My shame file expands


I had the most terrible realisation yesterday. As I trawled through my Facebook feed, I spotted a post from my sister-in-law, thanking everyone for the birthday messages she’d received on Sunday.

I spent Sunday with my sister-in-law. I did not wish her a happy birthday. I forgot.

She’d travelled to Sydney with her three daughters for my eldest’s 11th birthday pool party. Admittedly, I was in a flap, what with it being a heatwave, the birthday cake I’d spent three hours decorating collapsing on route, and making a pizza run mid-festivities.

But that’s no excuse for failing to remember your sister-in-law’s birthday. Especially when it’s on the same date as your daughter’s. We stood there singing “Happy birthday to yoooooouuuuu” to the eldest, while the other birthday girl stood there without a single note being trilled in her honour.


She was very nice about it when I made my craven apology and said she and my daughter “had a couple of lovely joint birthday hugs.”

The only person who possibly feels worse about the oversight is Husband. It’s his sister and he forgot too.

Oh the shame!

Shame has been a common thread through HouseGoesHome over the years. I’m a bit Catholic like that.

I kicked off back in 2011 with a Shame File blog:

There are many things I’ve done in my life that I’m ashamed to admit. I once mouthed “you’re ugly” to a toddler screaming over her mother’s shoulder in a check-out queue. The toddler promptly vomited all over my shoes. I was wearing thongs. I think that’s what you call karma. Speaking of vomit … I once threw up in a friend’s beanie at a party and hid it under his bed. I still squirm when I recall my audible sighs whenever my great-grandmother tried to chat to me during school holidays (I really wish I could turn back time on that one.) And, while it makes me cringe to write the words, I’ve gained 9.8kgs in the past 18 months …

(As for that last admission, I lost those 9.8kg again on The Divorce Diet. Brutal but effective.)

I was also Shamed By Mrs Geoffrey Rush once.  Gawd that was a cringe-worthy phone call to receive.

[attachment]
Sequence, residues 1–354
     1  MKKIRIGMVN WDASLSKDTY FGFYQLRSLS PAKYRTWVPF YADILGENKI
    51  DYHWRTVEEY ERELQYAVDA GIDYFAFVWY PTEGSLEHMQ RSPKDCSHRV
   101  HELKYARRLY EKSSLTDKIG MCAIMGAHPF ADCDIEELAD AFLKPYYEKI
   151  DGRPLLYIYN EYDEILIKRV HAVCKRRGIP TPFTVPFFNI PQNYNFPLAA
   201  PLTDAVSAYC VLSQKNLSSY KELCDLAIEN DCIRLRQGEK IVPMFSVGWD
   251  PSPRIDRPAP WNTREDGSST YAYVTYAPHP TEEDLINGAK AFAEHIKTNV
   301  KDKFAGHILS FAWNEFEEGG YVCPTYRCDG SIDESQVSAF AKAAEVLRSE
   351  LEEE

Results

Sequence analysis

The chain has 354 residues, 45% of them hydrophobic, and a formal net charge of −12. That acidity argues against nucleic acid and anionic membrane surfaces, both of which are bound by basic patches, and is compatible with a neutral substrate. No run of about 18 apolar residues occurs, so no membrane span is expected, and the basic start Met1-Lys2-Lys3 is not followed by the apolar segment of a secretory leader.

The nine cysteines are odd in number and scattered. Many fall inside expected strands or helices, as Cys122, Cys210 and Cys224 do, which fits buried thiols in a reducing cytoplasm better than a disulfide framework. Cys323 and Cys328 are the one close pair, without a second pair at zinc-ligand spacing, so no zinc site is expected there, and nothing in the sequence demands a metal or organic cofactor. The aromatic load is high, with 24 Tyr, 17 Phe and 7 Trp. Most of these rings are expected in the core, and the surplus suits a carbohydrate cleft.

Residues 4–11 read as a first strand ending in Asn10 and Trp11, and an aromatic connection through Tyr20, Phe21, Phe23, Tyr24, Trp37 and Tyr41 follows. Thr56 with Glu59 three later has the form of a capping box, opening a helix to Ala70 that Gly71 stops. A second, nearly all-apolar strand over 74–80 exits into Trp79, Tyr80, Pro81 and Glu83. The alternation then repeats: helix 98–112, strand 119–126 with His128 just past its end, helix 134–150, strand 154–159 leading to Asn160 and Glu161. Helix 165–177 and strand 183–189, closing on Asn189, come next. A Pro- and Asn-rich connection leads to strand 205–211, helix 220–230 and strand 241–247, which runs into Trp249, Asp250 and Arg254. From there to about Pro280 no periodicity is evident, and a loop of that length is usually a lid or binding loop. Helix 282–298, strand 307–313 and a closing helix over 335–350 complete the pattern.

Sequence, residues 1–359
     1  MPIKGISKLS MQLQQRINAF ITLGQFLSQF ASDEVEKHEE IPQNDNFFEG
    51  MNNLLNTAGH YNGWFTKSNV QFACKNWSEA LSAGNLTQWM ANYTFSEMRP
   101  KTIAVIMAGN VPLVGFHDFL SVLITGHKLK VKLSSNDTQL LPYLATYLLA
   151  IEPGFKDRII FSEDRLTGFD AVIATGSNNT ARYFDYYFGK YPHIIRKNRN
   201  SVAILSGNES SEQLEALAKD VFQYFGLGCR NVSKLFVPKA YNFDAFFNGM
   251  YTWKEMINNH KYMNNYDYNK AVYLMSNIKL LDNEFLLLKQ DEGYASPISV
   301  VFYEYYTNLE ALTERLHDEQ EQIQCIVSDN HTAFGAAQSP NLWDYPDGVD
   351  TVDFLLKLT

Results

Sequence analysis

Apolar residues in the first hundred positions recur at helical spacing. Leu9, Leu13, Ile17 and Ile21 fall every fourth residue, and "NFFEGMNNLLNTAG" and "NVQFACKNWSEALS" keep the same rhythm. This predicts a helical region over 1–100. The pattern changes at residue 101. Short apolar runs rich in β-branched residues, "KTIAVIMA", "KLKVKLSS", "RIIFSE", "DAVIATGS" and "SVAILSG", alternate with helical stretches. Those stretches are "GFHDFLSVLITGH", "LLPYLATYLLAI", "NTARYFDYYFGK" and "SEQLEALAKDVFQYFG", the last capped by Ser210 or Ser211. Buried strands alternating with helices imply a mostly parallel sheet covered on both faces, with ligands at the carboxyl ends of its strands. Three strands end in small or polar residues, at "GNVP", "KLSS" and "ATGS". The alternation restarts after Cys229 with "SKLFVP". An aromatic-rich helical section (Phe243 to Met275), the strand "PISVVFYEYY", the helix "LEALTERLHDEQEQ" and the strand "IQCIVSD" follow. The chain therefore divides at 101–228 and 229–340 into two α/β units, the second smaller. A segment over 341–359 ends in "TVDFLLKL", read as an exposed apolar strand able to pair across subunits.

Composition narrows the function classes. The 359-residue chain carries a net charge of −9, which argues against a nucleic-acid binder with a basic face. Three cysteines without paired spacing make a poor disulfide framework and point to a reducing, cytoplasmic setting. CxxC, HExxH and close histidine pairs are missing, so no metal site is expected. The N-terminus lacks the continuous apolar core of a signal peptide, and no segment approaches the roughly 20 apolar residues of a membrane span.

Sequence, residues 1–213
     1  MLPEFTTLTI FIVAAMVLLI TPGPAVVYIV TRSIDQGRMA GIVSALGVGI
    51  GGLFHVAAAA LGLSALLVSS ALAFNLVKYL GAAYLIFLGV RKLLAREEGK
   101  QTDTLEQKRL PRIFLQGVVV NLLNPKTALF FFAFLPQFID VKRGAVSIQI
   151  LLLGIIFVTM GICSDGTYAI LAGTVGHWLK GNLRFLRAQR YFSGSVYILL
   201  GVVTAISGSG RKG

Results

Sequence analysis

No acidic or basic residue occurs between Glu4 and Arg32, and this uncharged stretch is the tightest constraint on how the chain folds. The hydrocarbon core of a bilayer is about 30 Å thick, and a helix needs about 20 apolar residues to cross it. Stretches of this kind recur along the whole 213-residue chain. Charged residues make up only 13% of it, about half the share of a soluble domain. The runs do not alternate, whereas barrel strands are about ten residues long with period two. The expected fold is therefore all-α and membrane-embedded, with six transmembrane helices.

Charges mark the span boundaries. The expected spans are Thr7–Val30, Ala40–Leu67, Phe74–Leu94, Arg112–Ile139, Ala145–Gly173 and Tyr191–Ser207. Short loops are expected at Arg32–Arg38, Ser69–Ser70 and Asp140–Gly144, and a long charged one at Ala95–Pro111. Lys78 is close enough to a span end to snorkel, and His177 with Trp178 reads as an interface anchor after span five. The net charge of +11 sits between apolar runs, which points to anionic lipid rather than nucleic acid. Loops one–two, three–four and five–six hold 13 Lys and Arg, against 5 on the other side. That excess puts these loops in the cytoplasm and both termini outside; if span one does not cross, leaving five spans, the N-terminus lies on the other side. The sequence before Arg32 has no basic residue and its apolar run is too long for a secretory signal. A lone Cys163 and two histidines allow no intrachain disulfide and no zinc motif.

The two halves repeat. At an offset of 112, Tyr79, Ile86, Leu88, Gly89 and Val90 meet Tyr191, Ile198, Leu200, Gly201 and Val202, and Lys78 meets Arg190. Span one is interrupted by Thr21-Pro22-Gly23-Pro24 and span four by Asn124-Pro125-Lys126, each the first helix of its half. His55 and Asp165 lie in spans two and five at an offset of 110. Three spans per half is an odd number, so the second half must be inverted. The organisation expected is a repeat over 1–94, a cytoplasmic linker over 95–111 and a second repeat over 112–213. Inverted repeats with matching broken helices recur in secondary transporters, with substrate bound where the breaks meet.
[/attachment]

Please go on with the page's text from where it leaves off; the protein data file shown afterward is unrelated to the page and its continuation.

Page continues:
Then there was My Night of Shame when I got terribly, terribly smashed at afternoon drinks, then went to a dinner party and threw up in the bathroom during the main course and had to be half-carried home. I baked Sorry Muffins the next day to apologise, but I don’t think I’ll ever live it down.

I probably should be ashamed about what I did behind The Wee Tree. But it’s become the stuff of legend, so I feel a certain sense of misplaced pride.

There were some pretty negative emotions running through me when I got sacked because of a blog I wrote called Betrayal Hurts and another called Regret. (Though I will never regret standing up for a someone who couldn’t defend themselves.)

I feel AWFUL about what I did to the neighbours’ mail when they asked me to collect it for them while they were on holidays. Oh gawd, that was such a horrible night.

And I’ve tortured myself mercilessly throughout the year about the role I played in my marriage breakdown. To get all Kate Bushy on you: “All the things I should’ve said, that I never said. All the things we should’ve done, that we never did. All the things I should’ve given, but I didn’t.” (All the blogs I shouldn’t have written, but I DID.)

I’m thinking it’s high time I took a leaf out of Lady McBeth’s book. She told her hubby:

How now, my lord, why do you keep alone,
Of sorriest fancies your companions making,
Using those thoughts which should indeed have died
With them they think on? Things without all remedy
Should be without regard: what’s done, is done.

Mind you, in the McBeths’ case there was murder involved … at least I don’t have THAT on my conscience!

How about you? Anything in your shame file you want to confess?

Song of the day: Snow Patrol “You could be happy”




4 thoughts on “My shame file expands

  1. Make the most of your regrets; never smother your sorrow, but tend and cherish it till it comes to have a separate and integral interest. To regret deeply is to live afresh. –
    Henry David Thoreau xxx

  2. Birthdays are over when you turn 21. Most adults wouldn’t care if people (other than their children) didn’t remember their birthdays, I’m sure. As for shame… well I have a list so long it would embarrass Tolstoy. Meanwhile I’ll have to read some of these links I haven’t read yet 🙂

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